“It’s like a cloud over me all the time.”
“I worry that this holiday or camping trip may be my last.”
These are some ways you described your fear of cancer recurrence during my recent survey. You’re not alone: research demonstrates that a convincing majority of cancer survivors are affected, often for years after their cancer diagnosis.
No one wants to repeat cancer treatment if they can help it, and no one wants to receive news about something potentially threatening to their own life. The problem is that most often, fear of recurrence isn’t based on an event that’s actually happening. It occurs when you have thoughts about what could happen, even if right now you’re well.
Fearful thoughts activate your body’s stress response. Under stress, your body releases a soup of hormones (glucocorticoids and catecholamines) that put you into a hyper-alert state, making your muscles tense and your blood pressure rise. Sleep is all but impossible, and your wired mind only wants to focus on the source of the stress.
Research shows that the hormones produced in that wired, worried state are capable of accelerating cancer growth. Animal and now human studies have found more rapid tumor growth in stressed subjects due to increased VEGF and IL-6 levels (which “feed” tumors by increasing their blood supply). Tumors of stressed subjects also show increased expression of genes responsive to stress hormones; that is, their tumors respond more efficiently to the presence of stress hormones, and grow more quickly as a result.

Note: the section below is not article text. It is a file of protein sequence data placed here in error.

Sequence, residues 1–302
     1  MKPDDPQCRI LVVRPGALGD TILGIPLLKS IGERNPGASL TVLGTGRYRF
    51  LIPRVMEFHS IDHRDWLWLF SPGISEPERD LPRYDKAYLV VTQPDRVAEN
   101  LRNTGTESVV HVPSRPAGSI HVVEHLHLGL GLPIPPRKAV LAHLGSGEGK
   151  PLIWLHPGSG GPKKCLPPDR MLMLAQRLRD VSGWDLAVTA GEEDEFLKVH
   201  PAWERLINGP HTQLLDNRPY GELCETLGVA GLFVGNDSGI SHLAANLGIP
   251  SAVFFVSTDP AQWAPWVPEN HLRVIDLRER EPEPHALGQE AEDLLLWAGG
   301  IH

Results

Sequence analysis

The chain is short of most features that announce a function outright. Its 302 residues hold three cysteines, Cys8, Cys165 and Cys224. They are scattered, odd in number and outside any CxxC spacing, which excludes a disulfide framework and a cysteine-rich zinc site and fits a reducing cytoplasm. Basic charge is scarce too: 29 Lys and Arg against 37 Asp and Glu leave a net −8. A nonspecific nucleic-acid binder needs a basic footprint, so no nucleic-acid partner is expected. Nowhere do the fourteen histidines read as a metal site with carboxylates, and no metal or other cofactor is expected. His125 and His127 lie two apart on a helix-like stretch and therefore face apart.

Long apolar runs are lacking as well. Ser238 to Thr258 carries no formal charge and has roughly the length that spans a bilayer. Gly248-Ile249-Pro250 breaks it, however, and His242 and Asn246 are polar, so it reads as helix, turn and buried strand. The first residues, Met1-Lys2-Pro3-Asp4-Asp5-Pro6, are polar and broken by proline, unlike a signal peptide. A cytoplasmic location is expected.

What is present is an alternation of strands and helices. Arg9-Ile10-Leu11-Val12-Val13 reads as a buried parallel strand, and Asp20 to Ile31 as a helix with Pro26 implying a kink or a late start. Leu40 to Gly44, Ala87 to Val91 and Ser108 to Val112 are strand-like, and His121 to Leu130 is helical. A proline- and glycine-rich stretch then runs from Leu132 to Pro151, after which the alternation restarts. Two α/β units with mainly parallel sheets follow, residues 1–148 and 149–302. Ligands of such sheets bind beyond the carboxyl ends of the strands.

The bottom line is that too much time spent in fear can invite the very thing you’re fearful of: more cancer. Having reliable ways to cope with stress – including fear of recurrence – is an important part of your cancer prevention plan.
Stay tuned – I’ll be offering a new resource to deal with fear of cancer recurrence in early 2015. Meanwhile, I’d love to hear from you: leave a comment below and tell me:
- What (if anything) triggers fear of recurrence in you?
- What have you found helpful in dealing with fear of cancer recurrence?
- What would it mean to you to be free of the fear of cancer recurrence?